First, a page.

The Big Waste – one artist mission to reduce fashion waste


It is a norm for people to shop for new clothes but  have you ever thought how many clothes have ended up in landfills?

According to the World Economic Forum, fashion waste has cost the global economy more than USD400 billion every year.

The Ellen Macarthur Foundation warned that 60% of the average consumers throw away their clothes in the first year and an estimated amount of 18.6 million tonnes of clothing will end up in landfills.
If this trend continues, more than 150 million tonnes of fashion waste will clog landfills by 2050.

Old clothes are also difficult to recycle since they use different types of fabrics, even if the shirt you bought was labelled as 100% cotton which makes it difficult to separate so it is labour intensive, slow and requires a skilled workforce.

Multidisciplinary artist Dhan Illiani Yusof who studied fashion design ended up questioning whether to pursue the traditional path of becoming a fashion designer after collecting fabrice throughout her student days, which accumulated into waste.

“I was raised in a family where we were sort of conscious with the way we consume resources and my parents were always particular about being very thrifty.

“They love secondhand goods, they always always go out of their way to get resources that are more or less still good and are perfectly able to do the new things they are able to do,” she spoke to The Malaysian Reserve (TMR).

To raise awareness regarding fashion waste, Dhan has created an installation piece entitled “The Big Waste” which is inspired by the Dung Beetle and the Big Bang accompanied by a large pile of clothes resembling a landfill.

It plays with the idea of “origin” in a “universal” multi-layered lens, to highlight and question society’s roles in waste and consumption.

The installation makes us look at the current problematic approach in understanding the economic “growth”and layers of the how, where and who are the makers behind our fabric and clothing.

“For the installation, Fashion Revolution wanted something that had an impact on people so what better to do that than a landfill itself, because that is the most visually impacting image that we can think of when it comes to textile waste, which has to in the mountainous volumes of clothing just just discarded in like natural landscapes.

“From my perspective, I also wanted to add an element of how we needed to start questioning, what are we buying, what are we spending on what’s in our clothes as well, so that we can have a more universal view of how textile is not just specific to everyday wear, but also in terms of the value of our producers,” Dhan explained.

She also notices that not many people are aware that polyester, a non-biodegradable fabric, is one of the main factors that are used in clothing production especially fast-fashion because it is faster and easier to churn out.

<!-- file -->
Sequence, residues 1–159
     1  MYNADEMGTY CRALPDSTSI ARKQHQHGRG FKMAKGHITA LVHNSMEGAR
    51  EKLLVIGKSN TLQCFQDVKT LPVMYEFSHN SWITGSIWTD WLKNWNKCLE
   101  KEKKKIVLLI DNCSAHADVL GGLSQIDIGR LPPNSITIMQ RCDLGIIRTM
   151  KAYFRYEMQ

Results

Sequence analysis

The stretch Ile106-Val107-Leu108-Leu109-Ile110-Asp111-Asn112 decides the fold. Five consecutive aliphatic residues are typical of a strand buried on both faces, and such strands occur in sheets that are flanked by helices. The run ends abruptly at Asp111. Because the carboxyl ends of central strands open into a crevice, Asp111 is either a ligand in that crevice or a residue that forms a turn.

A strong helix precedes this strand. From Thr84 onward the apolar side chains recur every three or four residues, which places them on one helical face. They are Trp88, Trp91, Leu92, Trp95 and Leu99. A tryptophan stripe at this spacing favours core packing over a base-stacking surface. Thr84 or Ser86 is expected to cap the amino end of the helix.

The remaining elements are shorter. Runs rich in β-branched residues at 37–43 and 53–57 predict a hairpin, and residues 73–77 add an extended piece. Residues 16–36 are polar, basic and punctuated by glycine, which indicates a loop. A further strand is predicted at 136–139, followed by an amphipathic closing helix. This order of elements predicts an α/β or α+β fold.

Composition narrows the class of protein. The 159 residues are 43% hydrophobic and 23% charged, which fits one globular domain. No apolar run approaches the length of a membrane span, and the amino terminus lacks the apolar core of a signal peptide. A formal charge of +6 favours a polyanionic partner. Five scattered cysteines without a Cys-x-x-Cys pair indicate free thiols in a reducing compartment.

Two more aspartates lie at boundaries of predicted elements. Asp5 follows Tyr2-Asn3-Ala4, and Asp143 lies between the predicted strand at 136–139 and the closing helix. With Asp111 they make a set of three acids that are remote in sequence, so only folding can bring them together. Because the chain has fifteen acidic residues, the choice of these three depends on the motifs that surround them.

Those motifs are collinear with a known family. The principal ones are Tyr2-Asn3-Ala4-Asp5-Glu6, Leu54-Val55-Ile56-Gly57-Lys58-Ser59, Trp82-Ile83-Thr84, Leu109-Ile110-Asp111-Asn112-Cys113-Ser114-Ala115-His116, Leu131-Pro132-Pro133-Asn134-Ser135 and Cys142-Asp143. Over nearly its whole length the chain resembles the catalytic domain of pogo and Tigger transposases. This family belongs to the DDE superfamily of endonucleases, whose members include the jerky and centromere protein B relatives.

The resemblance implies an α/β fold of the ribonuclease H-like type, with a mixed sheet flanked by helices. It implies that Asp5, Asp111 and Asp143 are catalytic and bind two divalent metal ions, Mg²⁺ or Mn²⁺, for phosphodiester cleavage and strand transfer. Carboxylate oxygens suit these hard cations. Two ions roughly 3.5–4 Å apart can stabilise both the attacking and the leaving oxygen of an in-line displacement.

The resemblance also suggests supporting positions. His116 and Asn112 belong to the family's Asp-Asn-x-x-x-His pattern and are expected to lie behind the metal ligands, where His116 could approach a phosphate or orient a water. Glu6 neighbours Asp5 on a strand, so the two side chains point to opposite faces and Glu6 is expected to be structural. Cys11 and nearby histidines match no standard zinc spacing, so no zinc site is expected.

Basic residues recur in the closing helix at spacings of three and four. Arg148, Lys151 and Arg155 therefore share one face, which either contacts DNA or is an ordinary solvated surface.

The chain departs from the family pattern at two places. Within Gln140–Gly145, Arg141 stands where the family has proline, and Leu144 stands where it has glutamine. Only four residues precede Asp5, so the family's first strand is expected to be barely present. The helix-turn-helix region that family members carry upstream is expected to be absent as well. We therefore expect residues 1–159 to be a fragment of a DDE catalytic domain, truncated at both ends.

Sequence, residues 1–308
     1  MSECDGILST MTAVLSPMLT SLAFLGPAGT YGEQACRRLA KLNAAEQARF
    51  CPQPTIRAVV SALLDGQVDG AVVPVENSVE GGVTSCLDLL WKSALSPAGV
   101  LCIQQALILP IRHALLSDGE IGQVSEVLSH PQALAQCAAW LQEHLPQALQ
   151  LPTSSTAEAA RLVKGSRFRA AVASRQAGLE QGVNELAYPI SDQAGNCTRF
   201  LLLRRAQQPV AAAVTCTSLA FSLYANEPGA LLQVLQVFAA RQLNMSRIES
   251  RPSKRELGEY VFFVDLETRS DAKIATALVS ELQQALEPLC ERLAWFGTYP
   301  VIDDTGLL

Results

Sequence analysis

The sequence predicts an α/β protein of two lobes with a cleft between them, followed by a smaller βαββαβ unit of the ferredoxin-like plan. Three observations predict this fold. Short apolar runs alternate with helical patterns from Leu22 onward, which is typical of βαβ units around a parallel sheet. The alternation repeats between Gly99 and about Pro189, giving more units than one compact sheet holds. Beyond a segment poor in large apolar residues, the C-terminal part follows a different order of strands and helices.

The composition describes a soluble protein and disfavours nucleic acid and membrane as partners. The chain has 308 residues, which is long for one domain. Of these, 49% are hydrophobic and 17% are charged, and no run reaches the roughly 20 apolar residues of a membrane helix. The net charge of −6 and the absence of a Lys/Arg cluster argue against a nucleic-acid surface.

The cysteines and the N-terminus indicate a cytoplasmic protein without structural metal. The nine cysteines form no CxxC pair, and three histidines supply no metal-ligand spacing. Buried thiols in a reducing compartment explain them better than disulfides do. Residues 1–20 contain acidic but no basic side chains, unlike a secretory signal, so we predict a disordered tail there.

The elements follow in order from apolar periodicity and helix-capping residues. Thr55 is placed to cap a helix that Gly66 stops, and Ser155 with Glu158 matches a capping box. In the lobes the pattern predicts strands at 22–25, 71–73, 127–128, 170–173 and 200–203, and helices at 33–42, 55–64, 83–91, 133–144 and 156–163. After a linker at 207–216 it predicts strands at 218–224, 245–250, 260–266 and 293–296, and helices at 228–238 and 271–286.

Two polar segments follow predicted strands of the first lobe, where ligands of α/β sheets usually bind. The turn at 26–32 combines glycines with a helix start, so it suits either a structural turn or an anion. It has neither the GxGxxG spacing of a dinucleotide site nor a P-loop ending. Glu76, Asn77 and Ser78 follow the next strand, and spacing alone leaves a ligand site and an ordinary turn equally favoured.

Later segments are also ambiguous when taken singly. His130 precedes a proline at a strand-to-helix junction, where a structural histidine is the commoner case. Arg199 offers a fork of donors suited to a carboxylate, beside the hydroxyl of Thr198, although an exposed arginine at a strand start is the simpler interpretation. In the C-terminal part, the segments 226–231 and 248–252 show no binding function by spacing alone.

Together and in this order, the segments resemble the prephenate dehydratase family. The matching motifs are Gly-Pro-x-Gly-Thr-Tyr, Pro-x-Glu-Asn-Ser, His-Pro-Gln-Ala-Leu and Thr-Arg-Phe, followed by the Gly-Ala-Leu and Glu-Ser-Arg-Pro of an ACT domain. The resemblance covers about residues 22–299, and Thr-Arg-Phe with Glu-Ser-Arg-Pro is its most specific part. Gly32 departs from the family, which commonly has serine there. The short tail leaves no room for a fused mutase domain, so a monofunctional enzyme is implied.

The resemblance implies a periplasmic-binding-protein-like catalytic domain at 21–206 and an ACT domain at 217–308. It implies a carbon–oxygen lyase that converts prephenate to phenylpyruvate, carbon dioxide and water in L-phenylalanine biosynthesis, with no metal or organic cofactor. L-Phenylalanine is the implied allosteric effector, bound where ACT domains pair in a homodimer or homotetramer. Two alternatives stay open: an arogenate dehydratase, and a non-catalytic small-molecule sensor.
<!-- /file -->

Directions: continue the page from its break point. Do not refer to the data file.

Dhan added that she received the massive pile of clothes from recycling company Kloth, where it has prepared bins in specific locations around Kuala Lumpur (KL).

“The fabric on desert balls and the other planets are all from my own fabric collection of waste from my fashion college days and the bars themselves are actually from my friends.”

One of the main factors why people buy a lot of clothes is due to their lifestyle, occupation as well as keeping up with the latest demands.

Those who work in entertainment, fashion and the corporate world are required to dress more presentable so they are more likely to discard more clothes.

Dhan also believes that Malaysians are being more and more aware of the negative effects of fashion waste.

Some Malaysian families are quite sentimental with the value of things as they have a strong family bond and they are always donating their things.

Even among the Islamic communities they are always doing anything to help unfortunate communities.

“I do think we are conscious about the things that we do, but it can be better, it can always be better but we are at a good starting point.

“It just needs to go deeper and deeper into the grassroots and give people the opportunity to make that action easier,” she concluded.

“The Big Waste ” was a part of Fashion Revolution Week which was held from April 19 to 24 at REXKL, KL.

The campaign was organised by the fashion activism Non-Government Organisation (NGO) Fashion Revolution Malaysia and features a variety of interactive in-person and online events such as workshops, insightful conversations and guests are also able to swap their old clothes for new ones.

According to its Country Coordinator Melissa Tan, fast fashion is not only harmful to the environment and clothing manufacturers, it has created a toxic relationship between fashion and consumers in this age of throwaway fashion and overconsumption.

“Awareness is an important first step, but we want to activate people to question and change their relationship with fashion with the tools and education to take action” she said.

The theme of this year’s Fashion Revolution Week is “Money Fashion Power” which builds on the knowledge that the mainstream fashion industry has been exploiting labour and natural resources.

Big brands and retailers produce too much clothes at a faster rate where they manipulate its consumers into overconsumption and it also raises an issue where those producing our clothes are underpaid and have felt the impact of climate change.

Fashion Revolution co-founder and Global Creative Director Orsola de Castro hopes to expose fashion supply chains that promote inequality and social and environmental abuses.

“From the uneven distribution of profits, to overproduced, easily discarded fashion, to the imbalances of power that negate inclusion.

“Meanwhile, inspiring new designers, thinkers and professionals all over the world are challenging the system with solutions and alternative models,” she mentioned.